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The Corolla Wild Horses are most likely the descendants of shipwrecks from 16 th century explorers. Recent DNA testing has shown that the herd does share genetics with Spanish mustangs, which were common passengers on exploratory vessels in the s. It is illegal to approach, touch, or pet the Corolla Wild horses. Visitors must remain at least 50 feet away from the wild horses.

Wild horse

It is illegal to feed the Corolla Wild Horses , and doing so can be dangerous to their health. When these feral horses ingest apples, carrots, lettuce, or other non-local foods, they can develop colic and digestion problems. The Corolla Wild Horses have been eating a native diet of sea oats, coastal grasses, acorns, persimmons, and other area vegetation for hundreds of years. Visitors are free to take photos of the Corolla Wild Horses, provided that they stay at least 50 feet away from the horses at all time. Visitors should keep a safe distance from the Corolla Wild Horses if they encounter them on the beach.

Though they look docile, these horses are inherently feral, and should not interact with humans. Vacationers at Carova and 4WD beach area vacation homes regularly report seeing the Corolla Wild Horses in their backyards or neighborhoods, especially in quiet locations.

The Carova area has a wide array of vacation rental homes along the beaches and in the wooded soundside region, where the Corolla Wild Horses regularly make appearances.

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This count is determined every fall by helicopter surveillance in the northern Corolla and Carova areas. Horse fans can help support the Corolla Wild Horses via the Corolla Wild Horse Fund and Museum , which is a local organization that helps support and tend to the local herd. This local organization has a museum in Corolla, as well as website with in-depth information about the Corolla Wild Horses.

In addition, educational tours are available through the Corolla Wilde Horse Fund, as well as privately owned tour companies. The Corolla Wild Horses, which are descendants of colonial Spanish mustangs, have a few distinguishing characteristics. Their tails are low and set on a sloping croup, their faces are narrow, and their ears are curled at the tip. They are also narrow throughout the chest, and have five lumbar vertebrae as opposed to six, which is much more common in modern American domestic breeds. The Corolla Wild Horses are not owned by any individual or organization, but they are supported by the Corolla Wild Horse Fund, whose mission is to protect, conserve, and responsibly manage the horses that roam freely on the northern Currituck Banks.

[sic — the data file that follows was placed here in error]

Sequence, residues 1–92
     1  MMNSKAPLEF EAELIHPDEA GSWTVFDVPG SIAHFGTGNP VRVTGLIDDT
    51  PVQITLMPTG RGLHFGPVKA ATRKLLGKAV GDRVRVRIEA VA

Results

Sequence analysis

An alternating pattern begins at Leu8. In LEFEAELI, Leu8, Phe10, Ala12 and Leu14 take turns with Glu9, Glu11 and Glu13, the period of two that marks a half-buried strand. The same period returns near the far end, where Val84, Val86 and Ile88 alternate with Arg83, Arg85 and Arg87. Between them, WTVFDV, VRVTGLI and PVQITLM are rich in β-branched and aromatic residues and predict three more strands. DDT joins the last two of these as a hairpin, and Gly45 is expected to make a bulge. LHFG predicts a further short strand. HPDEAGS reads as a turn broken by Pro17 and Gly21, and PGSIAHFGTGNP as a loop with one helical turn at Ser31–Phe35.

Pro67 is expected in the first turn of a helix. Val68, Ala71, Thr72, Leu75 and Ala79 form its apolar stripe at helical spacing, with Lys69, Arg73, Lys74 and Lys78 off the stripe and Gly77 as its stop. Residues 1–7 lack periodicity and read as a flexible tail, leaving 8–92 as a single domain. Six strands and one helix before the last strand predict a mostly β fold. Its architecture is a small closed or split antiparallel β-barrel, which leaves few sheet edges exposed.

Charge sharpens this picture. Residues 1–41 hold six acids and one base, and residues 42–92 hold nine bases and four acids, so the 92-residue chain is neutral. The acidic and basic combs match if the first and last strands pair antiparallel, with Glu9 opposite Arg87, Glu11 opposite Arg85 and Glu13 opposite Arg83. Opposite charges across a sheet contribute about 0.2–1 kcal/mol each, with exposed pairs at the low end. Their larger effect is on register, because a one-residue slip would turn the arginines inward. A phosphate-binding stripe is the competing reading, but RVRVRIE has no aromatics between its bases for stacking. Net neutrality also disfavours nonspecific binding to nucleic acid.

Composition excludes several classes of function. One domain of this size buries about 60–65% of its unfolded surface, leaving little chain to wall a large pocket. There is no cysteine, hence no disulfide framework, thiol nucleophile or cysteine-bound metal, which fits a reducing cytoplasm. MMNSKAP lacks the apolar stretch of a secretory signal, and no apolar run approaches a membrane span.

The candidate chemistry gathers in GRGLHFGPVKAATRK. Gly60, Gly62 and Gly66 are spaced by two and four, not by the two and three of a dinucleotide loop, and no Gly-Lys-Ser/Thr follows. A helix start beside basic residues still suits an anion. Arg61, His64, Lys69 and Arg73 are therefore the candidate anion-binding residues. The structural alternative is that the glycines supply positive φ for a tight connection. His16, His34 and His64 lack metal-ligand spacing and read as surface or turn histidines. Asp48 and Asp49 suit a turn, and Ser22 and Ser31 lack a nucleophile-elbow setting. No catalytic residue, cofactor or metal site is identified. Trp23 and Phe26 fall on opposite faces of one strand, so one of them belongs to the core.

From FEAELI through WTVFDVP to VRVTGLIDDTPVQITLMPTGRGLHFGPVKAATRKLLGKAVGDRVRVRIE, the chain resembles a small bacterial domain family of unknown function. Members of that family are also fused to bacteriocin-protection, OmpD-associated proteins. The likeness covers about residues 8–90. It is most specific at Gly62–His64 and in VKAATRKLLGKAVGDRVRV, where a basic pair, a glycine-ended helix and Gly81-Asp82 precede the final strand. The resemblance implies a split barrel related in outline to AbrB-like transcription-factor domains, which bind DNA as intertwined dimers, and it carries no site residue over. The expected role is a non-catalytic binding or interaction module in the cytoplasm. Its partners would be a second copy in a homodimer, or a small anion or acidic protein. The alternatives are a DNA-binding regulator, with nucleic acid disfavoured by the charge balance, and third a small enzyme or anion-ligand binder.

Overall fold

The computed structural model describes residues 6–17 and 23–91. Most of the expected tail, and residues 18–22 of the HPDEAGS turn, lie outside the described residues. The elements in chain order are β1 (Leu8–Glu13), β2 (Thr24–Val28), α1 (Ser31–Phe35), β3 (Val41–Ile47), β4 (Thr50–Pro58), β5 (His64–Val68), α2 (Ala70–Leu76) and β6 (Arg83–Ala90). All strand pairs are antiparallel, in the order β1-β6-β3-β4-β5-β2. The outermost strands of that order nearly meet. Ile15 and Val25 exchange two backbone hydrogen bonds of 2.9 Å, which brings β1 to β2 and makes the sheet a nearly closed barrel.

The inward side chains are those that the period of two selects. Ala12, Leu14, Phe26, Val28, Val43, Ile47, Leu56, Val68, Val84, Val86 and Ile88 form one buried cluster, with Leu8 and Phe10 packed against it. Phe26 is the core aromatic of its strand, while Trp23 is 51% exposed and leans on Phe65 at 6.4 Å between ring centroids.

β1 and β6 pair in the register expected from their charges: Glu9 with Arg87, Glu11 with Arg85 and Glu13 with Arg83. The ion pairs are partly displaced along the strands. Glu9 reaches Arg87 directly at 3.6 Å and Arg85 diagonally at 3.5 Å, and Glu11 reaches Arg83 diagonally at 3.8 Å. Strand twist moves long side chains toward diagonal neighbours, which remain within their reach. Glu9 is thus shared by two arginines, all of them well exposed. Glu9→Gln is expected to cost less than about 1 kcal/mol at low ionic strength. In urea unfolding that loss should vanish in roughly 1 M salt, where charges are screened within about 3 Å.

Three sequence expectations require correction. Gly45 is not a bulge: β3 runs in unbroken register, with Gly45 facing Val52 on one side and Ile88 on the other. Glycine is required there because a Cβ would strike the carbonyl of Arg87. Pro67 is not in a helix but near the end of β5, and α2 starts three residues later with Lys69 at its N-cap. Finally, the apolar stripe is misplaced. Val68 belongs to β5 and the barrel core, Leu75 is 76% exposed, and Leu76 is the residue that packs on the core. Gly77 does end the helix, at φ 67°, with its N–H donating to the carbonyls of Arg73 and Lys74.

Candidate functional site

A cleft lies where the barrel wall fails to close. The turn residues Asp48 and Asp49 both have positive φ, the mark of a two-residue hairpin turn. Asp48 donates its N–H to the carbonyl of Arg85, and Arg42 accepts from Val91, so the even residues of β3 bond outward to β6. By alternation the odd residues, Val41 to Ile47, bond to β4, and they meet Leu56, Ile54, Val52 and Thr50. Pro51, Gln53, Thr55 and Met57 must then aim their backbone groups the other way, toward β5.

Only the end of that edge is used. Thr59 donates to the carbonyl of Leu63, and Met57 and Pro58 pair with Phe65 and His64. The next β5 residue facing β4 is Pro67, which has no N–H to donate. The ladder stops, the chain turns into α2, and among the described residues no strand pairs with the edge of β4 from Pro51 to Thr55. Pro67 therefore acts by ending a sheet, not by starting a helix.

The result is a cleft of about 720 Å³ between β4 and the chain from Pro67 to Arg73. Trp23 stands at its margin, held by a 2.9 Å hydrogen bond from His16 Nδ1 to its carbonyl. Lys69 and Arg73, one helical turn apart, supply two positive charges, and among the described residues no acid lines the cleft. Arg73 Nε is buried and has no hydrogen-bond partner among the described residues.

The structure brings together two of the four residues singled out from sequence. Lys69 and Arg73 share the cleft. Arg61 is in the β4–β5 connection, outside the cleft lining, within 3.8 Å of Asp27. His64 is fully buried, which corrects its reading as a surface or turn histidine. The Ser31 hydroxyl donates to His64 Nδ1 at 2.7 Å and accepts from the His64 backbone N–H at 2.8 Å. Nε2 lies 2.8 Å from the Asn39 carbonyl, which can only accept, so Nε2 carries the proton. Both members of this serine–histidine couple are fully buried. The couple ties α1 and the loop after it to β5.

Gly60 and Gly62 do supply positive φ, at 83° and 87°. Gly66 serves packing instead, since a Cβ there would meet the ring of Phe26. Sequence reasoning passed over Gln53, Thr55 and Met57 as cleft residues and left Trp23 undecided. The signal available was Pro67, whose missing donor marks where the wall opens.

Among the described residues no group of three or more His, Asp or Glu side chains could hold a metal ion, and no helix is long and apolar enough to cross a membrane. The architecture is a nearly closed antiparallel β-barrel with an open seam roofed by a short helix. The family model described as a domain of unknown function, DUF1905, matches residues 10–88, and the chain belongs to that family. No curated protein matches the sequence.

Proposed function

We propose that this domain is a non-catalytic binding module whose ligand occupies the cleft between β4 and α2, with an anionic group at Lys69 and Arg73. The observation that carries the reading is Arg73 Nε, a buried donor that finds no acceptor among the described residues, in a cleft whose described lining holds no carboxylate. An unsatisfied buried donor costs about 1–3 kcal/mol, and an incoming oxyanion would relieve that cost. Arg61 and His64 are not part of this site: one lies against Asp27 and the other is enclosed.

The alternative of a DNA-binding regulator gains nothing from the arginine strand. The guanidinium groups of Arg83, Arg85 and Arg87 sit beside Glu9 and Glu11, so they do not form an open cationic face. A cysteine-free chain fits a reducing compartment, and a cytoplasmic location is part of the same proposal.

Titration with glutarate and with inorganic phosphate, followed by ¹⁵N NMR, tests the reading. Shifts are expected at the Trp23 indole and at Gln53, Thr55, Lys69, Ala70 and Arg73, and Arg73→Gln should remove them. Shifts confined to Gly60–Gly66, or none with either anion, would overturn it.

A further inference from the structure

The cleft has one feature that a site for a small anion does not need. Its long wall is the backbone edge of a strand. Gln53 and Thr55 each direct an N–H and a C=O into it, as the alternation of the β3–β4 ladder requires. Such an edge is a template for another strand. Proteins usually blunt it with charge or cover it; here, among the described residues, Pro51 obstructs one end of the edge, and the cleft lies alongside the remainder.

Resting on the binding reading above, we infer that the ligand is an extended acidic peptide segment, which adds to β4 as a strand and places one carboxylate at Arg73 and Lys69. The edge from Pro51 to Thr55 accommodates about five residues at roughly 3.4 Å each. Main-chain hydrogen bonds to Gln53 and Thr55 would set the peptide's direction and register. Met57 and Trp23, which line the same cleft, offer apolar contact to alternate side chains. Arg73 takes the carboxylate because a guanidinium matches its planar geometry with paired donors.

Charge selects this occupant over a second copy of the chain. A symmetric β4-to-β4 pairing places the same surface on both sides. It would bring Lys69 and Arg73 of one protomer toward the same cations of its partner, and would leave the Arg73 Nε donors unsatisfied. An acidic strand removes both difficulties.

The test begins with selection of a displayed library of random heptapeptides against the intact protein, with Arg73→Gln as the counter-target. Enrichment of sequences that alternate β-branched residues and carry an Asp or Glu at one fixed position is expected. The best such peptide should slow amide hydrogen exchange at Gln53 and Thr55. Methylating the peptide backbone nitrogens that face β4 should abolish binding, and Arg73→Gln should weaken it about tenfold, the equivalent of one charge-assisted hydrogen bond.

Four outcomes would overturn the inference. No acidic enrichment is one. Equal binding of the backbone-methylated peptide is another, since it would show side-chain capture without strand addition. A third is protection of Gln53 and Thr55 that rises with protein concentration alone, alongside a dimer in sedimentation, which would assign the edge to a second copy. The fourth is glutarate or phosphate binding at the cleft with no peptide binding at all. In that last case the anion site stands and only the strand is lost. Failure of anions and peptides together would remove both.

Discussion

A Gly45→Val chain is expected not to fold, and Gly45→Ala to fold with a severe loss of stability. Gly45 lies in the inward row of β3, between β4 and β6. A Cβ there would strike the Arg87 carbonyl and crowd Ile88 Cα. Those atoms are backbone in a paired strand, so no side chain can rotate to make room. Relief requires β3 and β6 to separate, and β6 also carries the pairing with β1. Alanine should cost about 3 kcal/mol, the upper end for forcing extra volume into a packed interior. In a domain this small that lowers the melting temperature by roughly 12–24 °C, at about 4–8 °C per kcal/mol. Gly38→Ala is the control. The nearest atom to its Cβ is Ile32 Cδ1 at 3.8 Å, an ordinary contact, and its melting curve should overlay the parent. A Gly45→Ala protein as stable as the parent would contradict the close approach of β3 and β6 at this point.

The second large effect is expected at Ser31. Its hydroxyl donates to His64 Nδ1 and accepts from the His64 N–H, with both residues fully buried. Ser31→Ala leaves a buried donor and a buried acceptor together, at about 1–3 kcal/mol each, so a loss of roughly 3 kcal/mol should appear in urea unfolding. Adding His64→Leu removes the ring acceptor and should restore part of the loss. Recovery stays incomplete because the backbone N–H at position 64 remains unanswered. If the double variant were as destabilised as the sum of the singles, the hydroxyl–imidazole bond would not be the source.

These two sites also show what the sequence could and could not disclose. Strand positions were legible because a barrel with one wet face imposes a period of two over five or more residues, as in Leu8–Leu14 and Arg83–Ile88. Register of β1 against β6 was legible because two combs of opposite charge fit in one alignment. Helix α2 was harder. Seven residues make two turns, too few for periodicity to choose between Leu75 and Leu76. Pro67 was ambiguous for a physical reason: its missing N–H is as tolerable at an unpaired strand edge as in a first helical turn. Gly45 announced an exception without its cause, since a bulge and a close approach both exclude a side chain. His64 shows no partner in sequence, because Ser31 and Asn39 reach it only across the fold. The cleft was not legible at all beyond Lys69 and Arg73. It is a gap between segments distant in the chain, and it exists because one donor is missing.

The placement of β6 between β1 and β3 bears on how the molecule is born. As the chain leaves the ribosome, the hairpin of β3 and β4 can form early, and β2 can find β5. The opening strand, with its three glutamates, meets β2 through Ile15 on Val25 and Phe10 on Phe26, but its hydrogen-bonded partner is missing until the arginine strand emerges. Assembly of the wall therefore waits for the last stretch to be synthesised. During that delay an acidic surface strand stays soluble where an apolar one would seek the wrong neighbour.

The Corolla Wild Horses are territorial and stick to areas that they know, and that are close to where they were born. The Corolla Wild Horses stick to the northern beaches of the Currituck Banks, where there are no paved roads and little development. Within this miles-long area, they may travel anywhere from miles per day. Come see epic battles and Indian dances. Experience the sorrow and heartbreak of tragedy and loss.

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Witness the pageantry of the Queen and her court and celebrate the birth of Virginia Dare, the first English child born in America. Under the direction of Ira David Wood, III, a company of over actors, dancers, singers, and technicians create a magical evening for your whole family. Covering 13 miles of Cape Hatteras National Seashore land, this attraction is hard to miss, although there aren't many giant signs, hotels or businesses to point the way.

Instead, visitors will find a completely undeveloped parcel of land, that's well-stocked with gorgeous views and serene nature trails that are ideal for off-the-beaten path excursions. Or if you want something lighter, there are sandwiches, BBQ and burgers.


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The bar offers entertainment in the summer and stays open until about 2 a. The Cape Hatteras Lighthouse, with its black and white candy-cane stripes, is one of the most famous and recognizable lighthouses in the world. Protecting one of the most treacherous stretches of the Outer Banks, with a beam of light that spans 20 miles into the ocean, the lighthouse is also the world's tallest brick lighthouse at a staggering ' ft.

Corolla's Wild Horses.

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Northern Beaches 1. Carova 2. Corolla 3. Duck 4. Southern Shores 5. Kitty Hawk 6. Kill Devil Hills 7. Nags Head Roanoke Island 8. Manteo 9. Wanchese Hatteras Island Rodanthe